Christoph Hetzmannseder has been part of the Shutter Photo community for a long while. In fact, he’s one of top contributors to our SP@Flickr Group (on Flickr, of course). While wearing my critic’s and editor’s hats, I have nothing negative to say about his body of work. He dabbles in a little bit of everything, from portraiture to architecture, landscapes to street photography, detail work and stock. He’s a skilled photographer and can easily transition – and thrive – in all of those angles of the photography spectrum. Like any artform, however, photography is ultimately an emotional experience both for the photographer and for the viewer. So for myself (no job roles involved), I am constantly looking towards the works of others; for inspiration, for enrichment or just for that emotional connection. More and more often, I find myself drawn to Christoph’s body of work. Perhaps the most intriguing of his works are the ones that I will refer to as canvassed stories, the single-frame tales that are told by the careful composition of the subject matter. Christoph’s canvassed stories remind me of a modern interpretation of paintings out of the Romanticisim movement within the painting world: Broad observations subjects within a space including a lot of context that yielded the feeling that the world is much larger.
It’s not hard to appreciate Christoph’s works. There’s a simplicity to their presentation. He favors a good deal of negative space. There are those who aren’t comfortable with this sort of approach in their own work. I feel there is too much of a tendency to “get close”, or “fill the frame” these days; an epidemic I blame on some bad information from self-taught photographers for self-taught photographers. There’s nothing wrong with having a little nothingness in your photos, and Christoph’s canvasses are plain evidence of that. But there is nothing truly simple about his approach to negative space. He just makes it look so easy. In truth, there is a very fine line between having too much and not enough. I guess, in theory, one could get close and fill the frame with any one of these subjects. By doing so, you’d remove the context and the story behind the photo. News of the Day would simply appear to be voyeuristic, bordering on street photography. That massive wall of greenery makes the shot seem more surreal, more like fine art. That’s the beauty of the image, in fact. Take away that greenery and I wouldn’t be here today writing about Christoph’s body of work.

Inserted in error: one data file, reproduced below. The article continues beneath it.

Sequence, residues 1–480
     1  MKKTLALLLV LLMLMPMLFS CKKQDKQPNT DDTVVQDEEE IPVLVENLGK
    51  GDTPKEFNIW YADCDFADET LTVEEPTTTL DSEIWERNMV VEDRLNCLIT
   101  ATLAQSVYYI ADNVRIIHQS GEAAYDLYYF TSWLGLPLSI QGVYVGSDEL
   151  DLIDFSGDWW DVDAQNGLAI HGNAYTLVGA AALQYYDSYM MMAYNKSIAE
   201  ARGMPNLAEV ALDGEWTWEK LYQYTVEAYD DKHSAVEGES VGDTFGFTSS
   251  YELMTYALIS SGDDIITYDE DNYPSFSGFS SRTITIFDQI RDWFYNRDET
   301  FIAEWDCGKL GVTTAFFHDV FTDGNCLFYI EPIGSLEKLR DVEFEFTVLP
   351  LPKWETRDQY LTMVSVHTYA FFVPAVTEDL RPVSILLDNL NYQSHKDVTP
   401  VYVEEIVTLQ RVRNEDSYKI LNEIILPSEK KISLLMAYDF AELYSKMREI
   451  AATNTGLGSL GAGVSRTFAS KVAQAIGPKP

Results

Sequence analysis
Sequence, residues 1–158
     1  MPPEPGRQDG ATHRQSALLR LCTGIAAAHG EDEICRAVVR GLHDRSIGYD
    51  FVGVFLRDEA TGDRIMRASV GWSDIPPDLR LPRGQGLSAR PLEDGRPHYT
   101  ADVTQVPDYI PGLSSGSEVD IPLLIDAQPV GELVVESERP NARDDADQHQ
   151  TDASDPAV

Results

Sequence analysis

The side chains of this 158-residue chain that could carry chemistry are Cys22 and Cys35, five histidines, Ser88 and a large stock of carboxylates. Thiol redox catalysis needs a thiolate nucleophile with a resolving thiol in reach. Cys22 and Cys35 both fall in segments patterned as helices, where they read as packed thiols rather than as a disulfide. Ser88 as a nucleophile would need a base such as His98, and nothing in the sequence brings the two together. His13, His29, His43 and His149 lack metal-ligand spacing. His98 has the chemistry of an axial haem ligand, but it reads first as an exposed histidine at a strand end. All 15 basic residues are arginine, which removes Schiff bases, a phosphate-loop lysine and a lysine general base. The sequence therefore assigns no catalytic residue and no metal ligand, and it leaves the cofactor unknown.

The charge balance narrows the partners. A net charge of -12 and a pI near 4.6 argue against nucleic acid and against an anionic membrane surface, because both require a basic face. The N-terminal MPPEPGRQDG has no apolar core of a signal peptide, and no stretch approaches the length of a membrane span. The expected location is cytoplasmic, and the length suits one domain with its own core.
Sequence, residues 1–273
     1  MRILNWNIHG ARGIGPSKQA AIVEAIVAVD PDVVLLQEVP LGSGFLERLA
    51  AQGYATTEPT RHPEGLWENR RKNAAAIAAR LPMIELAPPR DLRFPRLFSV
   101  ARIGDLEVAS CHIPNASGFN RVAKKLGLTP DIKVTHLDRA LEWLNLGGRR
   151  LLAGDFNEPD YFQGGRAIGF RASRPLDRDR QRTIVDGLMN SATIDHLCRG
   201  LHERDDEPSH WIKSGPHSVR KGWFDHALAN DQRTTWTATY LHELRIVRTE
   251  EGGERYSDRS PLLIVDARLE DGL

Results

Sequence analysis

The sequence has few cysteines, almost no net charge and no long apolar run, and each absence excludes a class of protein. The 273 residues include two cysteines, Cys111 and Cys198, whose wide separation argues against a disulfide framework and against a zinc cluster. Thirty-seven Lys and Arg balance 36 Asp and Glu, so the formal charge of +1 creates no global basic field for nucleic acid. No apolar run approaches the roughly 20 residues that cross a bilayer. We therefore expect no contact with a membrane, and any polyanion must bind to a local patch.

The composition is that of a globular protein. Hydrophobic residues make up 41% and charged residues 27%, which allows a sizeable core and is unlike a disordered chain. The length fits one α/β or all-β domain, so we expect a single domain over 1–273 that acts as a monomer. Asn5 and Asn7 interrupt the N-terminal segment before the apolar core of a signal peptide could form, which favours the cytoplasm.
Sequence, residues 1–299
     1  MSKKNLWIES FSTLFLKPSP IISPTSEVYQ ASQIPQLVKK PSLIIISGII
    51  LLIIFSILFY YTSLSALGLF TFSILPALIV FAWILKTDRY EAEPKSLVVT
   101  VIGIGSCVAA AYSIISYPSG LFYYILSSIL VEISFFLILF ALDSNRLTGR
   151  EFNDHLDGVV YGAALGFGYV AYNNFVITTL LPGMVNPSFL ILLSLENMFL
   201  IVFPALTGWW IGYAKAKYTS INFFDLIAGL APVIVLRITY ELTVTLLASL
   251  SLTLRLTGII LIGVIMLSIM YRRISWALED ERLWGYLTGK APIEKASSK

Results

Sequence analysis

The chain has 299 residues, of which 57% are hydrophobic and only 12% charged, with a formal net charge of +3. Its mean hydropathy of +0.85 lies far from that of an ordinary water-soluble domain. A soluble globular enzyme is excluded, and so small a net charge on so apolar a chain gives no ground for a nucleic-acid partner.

Negative space can be dangerous. It must have a purpose or it can be just as destructive as not having it at all. In The Bus Stop, On Lines or Orientation Point (among others), we have solitary figures. There is a common theme across these photos: Lonliness. Maybe it’s not a bad thing. The woman in The Bus Stop seems perfectly content to be alone, perhaps a desirable situation in her case. The bench is within an oasis of light, and so perhaps we understand this to be a more comfortable space than the darker areas surrounding her. But the girl in Orientation Point certainly seems to be in an undesired situation. All these feelings and emotions are made possible by all that negative space. We see the context of the subject, we see what their existence within these spaces is like. We can therefore imagine what thoughts might be going through their heads.
Thanks to all that negative space, which serves as a blank canvas for us to project our own interpretations and thoughts, we can establish a connection with these photos.
The photos I am exhibiting here are merely a fraction of what Christoph Hetzmannseder can do. I am not kidding when I say that his body of work stretches to all corners of the photography spectrum. If you aren’t inspired by these works (and I can’t imagine you’re not), take a few moments to browse his portfolio. I’m certain you will find something in there that you will like or be inspired by. In addition to his Flickr photostream, you can also find Christoph’s work on Getty, on 500px and Tumblr.